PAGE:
Understanding and respecting the musical and cultural traditions of others is a step in the right direction of global social understanding. In this sense, music has great power. Make the dialogue awesome again!
If we could take a step back, to talk about your favorite instruments – saxophone and drums / percussion. For reference, we often return to Roger’s concerts with Sandhya Sanjana and the Benares Trio, while Ramesh’s Madras Special project (also with Sandhya) features on several of our personal playlists. Tell us how you’ve seen things evolve with your chosen instruments – from player, composer to musical director. How have the instruments themselves evolved as tools of cultural exchange, in your hands, eyes and minds?
Roger: Initially a jazz saxophonist, my musical heart had also been beating for Indian classical since the early 1980s.
Performing gigs with Sandhya Sanjana around 20 years ago, the group Planet Blow were adding Sandhya’s vocal style to a rather pre-defined group situation.
In relation to this, the Trio Benares presents a deeper intercultural exchange, in the sense that the two musical worlds have to leave their cultural comfort zone, to create new and original music that meets in the middle.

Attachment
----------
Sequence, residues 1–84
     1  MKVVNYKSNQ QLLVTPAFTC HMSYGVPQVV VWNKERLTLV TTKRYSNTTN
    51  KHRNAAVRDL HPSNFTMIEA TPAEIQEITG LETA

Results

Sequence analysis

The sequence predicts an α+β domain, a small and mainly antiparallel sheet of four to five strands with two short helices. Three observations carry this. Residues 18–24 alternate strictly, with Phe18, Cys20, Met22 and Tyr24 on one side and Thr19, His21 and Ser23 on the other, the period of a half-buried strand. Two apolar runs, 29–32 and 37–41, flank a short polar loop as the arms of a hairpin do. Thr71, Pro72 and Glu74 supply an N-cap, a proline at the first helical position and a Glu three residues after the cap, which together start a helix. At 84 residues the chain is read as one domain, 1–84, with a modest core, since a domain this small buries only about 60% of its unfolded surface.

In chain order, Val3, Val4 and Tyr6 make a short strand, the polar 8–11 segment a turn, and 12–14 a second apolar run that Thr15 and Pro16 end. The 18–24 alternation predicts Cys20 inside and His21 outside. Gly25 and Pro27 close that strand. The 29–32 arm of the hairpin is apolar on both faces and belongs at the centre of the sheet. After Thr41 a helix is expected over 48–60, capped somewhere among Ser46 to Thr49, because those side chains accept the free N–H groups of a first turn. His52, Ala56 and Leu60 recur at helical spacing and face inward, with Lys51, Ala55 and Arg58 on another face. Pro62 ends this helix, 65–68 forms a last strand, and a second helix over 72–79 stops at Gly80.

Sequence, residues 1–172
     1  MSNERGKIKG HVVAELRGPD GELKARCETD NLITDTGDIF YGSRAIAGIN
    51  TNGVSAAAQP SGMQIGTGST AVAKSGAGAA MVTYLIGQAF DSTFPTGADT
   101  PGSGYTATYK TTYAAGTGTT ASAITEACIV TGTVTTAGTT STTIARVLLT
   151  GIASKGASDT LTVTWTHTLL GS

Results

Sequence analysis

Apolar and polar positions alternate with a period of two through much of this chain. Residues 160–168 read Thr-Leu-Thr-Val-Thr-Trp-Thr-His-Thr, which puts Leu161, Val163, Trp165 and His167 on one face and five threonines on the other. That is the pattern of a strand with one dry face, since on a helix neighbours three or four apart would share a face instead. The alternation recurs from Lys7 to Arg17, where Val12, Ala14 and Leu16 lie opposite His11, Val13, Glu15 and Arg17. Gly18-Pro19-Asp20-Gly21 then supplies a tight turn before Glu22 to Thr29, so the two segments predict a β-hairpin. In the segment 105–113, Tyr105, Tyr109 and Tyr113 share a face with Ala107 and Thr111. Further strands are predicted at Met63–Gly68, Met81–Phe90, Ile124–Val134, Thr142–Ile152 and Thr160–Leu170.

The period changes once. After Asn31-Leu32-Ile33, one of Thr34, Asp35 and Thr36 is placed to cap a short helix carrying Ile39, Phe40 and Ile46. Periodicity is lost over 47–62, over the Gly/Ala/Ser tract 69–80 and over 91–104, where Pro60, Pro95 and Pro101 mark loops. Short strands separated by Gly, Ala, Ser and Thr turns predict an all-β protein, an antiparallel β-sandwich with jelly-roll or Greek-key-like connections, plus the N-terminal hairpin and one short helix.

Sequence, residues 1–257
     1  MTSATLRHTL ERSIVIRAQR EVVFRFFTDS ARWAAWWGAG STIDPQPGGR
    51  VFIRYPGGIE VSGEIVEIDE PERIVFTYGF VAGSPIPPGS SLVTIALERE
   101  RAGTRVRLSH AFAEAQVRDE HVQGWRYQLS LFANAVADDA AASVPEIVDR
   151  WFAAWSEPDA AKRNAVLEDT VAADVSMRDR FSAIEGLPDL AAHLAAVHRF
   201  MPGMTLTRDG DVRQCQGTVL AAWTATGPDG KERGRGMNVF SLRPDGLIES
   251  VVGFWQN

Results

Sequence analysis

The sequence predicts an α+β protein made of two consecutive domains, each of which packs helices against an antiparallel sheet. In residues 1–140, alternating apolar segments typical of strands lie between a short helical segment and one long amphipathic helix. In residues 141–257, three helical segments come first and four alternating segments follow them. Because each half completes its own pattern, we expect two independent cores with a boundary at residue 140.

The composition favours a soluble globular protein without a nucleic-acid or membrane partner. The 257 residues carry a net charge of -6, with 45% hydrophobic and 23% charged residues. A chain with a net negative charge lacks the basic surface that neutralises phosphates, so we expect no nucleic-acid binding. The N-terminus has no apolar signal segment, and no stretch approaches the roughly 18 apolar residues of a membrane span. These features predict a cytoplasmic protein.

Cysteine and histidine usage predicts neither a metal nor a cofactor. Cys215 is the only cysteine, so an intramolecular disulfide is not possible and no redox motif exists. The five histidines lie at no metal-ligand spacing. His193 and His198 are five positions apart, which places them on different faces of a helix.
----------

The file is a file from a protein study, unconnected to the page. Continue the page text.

Ramesh: I have always been involved in combining Indian percussion instruments with drums. Much of my music is usually designed using rhythmic patterns as a springboard for compositions.
I am open to influences from all over the world and have spent time familiarizing myself with music from various parts of the world.
Could you explain the description, “non-classical jazz mix”? What does this informal genre imply in terms of musical structures, free-form ensembles, improvisation and contemporary ideas? Is it necessary for us to understand this genre as something new, and perhaps revolutionary?
Roger & Ramesh: As musicians, we don’t like to put labels on our music. We would interpret a “non-classical jazz mix” as music that is neither Indian classical nor classical jazz, but uses elements of both genres to create our special sound.
Give us an idea of how you managed to put together such a magnificent arrangement involving bass, guitars, violins, flute, tabla and even electronic elements, apart from unusual instruments like the tar? How did you put it all together?
Roger and Ramesh: The general objective of SAMUR is to bring together musicians from South Asian countries in Chennai for a two-week residency, to open musical horizons, create new music and interact.